EIS Public Meeting
February 10, 2001
Snow King Resort
A few more public sessions like this - only 3-4 hours beginning about 5 p.m. on weekday.
Meet in different locations to get input from all interested parties
More public meetings (eastern and central Wyoming)
National involvement - not just Jackson Hole.
Varied meeting times (3-4 hours)
-Jackson - where action is
-All day - travel, enough time
-Vary - day, evenings, weekday, weekend
-Between meeting contacts
-Public informal meetings
- Before and after public survey (Jonathan interested)
- Series of information pieces through media - hit broader audience (news releases, press releases, tribal news, and videos).
- 800 number for information, comment, web page.
- Background information important at all meetings (today’s (02/10/01) presentations good - could be expanded.)
- General public involvement - use radio, newspaper, TV to advertise
- Educate general public in process.
- Tele-conference to include public from far-reaching areas.
- National media coverage.
- Get background information out ahead of time.
- Get schools involved through presentation (they will nag parents).
- Distinguish from other bison issues (GYIBC).
- Public notice to all interests (outside Jackson) and meetings outside Jackson (tv, radio, utilized for notice)
- Access to project leaders for those outside Jackson
- Honest facts
- If agency insists on expending resources on polling, ensure that national interest is represented
- Educate public so they can be involved in process
- Content - needed information
-Available winter and summer habitat
-Overlay of bison/elk and cattle distributions
-What available habitat is being used?
- Tribes, FS, WY, BLM should be fully involved in process on equal footing. Clarify roles and relationships up front (an information piece could I.D. various roles and contacts).
- Planners should learn from (interview stakeholders) in related processes (Montana).
- Learn from our mistakes (science, policy, and process).
- Unbiased facilitation important.
- Ongoing process should include today’s participants - continuity of information.
- Earlier public input - planning process
- Define a goal
- Define and agree on problem
- Helping to design (not just involvement in process already designed)
- Bring public on board to structure meetings.
- USFS and BLM should be co-signators (remain active co-operators).
- Purpose, need and scope clearly ID’d before alternatives (intensive public involvement).
- Q should not just be, "How do you want to be involved in the planning process?", should also ask, "How do you want the process to be set up?"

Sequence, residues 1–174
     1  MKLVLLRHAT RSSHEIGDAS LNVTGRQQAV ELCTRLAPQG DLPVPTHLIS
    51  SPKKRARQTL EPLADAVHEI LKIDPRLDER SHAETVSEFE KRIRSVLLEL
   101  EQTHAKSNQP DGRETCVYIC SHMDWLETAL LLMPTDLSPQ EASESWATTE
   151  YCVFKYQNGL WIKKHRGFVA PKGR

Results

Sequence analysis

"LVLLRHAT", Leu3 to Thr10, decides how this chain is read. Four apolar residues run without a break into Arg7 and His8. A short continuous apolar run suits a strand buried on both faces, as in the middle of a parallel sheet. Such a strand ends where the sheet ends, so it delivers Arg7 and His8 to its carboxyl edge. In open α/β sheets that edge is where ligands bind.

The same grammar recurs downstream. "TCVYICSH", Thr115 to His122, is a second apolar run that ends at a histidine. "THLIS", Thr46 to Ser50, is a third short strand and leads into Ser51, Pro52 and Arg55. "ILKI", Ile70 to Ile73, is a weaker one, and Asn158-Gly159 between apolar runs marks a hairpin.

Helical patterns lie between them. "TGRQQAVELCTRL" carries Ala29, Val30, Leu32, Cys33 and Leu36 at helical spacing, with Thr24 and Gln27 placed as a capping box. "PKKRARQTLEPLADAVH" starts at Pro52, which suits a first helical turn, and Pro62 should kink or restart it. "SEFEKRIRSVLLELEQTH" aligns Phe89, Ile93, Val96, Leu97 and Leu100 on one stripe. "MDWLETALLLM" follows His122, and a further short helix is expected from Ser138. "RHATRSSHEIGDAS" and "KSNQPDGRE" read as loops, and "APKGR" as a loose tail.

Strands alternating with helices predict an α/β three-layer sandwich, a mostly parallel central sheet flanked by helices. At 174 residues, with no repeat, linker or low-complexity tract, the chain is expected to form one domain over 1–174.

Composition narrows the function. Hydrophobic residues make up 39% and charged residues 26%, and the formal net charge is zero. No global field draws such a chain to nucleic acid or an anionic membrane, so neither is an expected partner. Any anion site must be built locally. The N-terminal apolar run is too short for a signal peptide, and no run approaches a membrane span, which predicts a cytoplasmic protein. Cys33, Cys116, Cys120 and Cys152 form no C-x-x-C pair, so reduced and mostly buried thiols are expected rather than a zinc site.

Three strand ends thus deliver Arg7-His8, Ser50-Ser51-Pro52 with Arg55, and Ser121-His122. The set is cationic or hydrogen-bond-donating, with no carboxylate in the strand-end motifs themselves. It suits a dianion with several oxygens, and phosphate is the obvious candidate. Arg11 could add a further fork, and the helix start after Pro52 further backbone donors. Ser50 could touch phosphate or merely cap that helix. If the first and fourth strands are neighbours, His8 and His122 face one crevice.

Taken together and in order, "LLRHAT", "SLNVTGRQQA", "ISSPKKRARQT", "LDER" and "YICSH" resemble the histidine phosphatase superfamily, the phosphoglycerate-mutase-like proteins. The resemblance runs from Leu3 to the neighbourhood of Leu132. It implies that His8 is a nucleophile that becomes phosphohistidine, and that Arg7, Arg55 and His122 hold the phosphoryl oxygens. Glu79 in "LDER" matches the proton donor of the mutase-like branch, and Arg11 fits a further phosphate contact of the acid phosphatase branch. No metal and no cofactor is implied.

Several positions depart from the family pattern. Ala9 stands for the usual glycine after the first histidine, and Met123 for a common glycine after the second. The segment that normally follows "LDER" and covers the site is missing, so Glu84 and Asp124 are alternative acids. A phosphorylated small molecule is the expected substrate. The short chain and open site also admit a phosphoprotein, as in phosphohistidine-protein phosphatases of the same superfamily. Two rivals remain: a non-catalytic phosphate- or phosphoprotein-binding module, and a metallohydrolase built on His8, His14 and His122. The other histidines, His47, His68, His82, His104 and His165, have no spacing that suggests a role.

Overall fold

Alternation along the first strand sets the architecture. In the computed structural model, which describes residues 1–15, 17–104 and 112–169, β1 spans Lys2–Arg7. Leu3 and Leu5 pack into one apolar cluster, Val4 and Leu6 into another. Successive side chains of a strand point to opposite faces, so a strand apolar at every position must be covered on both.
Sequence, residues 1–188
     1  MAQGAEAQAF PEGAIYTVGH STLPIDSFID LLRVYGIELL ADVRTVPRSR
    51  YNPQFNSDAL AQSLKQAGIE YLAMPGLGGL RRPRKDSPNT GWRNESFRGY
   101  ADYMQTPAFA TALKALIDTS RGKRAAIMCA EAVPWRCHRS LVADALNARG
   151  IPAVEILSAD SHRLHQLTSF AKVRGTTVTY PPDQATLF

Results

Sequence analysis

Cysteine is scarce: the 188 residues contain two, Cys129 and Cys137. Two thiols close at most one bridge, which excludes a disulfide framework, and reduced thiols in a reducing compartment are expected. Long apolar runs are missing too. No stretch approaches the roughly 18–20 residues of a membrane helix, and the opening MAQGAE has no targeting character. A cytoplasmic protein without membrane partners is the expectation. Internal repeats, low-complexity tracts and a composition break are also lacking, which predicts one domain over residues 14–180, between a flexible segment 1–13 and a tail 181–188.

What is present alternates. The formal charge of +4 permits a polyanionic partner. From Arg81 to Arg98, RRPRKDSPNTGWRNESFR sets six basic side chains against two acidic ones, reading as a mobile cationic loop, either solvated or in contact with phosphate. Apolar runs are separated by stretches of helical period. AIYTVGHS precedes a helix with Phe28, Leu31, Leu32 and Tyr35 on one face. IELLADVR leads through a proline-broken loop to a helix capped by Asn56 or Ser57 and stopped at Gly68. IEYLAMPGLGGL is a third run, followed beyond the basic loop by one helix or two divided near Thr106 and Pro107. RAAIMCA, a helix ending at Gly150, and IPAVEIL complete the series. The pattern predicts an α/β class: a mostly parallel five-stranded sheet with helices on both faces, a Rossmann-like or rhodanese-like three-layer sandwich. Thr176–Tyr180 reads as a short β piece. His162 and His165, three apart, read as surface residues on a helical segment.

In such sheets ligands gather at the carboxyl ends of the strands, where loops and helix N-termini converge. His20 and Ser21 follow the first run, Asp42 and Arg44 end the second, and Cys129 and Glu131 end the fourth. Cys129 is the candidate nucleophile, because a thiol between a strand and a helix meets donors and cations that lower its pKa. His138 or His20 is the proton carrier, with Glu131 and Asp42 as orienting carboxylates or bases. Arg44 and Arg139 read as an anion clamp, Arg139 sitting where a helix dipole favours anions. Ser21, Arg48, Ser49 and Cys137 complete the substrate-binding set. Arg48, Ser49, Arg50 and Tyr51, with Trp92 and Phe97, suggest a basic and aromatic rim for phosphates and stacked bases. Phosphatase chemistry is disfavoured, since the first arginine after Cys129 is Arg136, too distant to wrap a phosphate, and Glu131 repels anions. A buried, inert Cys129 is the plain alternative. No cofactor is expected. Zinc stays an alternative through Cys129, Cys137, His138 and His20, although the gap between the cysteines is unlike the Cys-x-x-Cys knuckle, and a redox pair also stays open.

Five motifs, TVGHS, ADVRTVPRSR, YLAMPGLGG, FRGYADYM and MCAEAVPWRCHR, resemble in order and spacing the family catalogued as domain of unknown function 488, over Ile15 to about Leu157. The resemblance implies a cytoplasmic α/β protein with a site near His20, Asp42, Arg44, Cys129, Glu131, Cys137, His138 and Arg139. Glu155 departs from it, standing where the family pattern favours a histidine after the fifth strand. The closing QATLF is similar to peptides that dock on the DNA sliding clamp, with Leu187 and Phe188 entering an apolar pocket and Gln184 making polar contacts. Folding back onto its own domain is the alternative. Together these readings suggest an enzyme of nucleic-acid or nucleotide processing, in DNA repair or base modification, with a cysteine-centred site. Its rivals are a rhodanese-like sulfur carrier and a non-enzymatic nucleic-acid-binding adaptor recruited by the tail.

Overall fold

- Accept and utilize citizen research
- Don’t restrict process to overcoming court decision
- Consider full range of alternatives to resolve issues with artificial crowding (i.e. USFS migration routes)
- USFS should be partners in plan (BLM?)
- Process should answer:
-Current habitat condition and trends - goals for future (by measurable criteria)
- Get plan done in time to be relevant - Protect resource in interim
- Involve more agencies substantively, i.e. FS, BLM, state
- Concern - if agencies and public work hard together for a plan, will it be shot down by a lawsuit or the political context?
Further meetings should be topic oriented with information provided. Education should be ongoing.
Have comment periods for document components.
Simplify and clearly identify group and roles.
Clearly ID purpose of meeting.
Specific goal for meeting.
In public meetings provide opportunities for Q&A with agency staff and comments to staff
Public input shouldn’t overwhelm science
Presentations by non-agency people, example - Tribal reps.
This was a good first meeting
Future needs more open debate of the topics presented today
In future there will be a need to reduce the number of people involved to be productive - example: One member per stake holder (task force)
-Divide and conquer - small groups
-Public discussion/disclosure/Q&A after each speaker
-Triggering thought processes
-Time- more for discussion, but limit it, too - known beforehand
-Panel discussions with Q&A
-Maximize feedback among participants (tribal perspective)
-3/10 bring all issues from 2/10 to be discussed as a whole
-Small groups focused on single issue
-Could be informal meetings
-To take back to larger group
-Come up with solutions
- Equalize agency and public ability to contribute to decision making.
- Important to understand reasons for participant’s interest
- Economics (hunting, ranching, tourism)
- Wildlife value (integral part of culture)
- Local input should be weighed very heavily
-Determine how to be weighed
-Local part of planning team
- Equal influence between groups and individuals (and local govt.).
- Individuals have same input as any organization
- Public comment - give more weight, including later in process
TCD- can provide technical assistance and cost share (habitat projects, help with construction easements, rapport with private landowners).
Reflect personal values into process and link to changing values (over 50 years).
Expand study area beyond current herd boundaries to include historical
Expanding boundary is unrealistic
W:\EIS Folder\presentations\Planning Process.wpd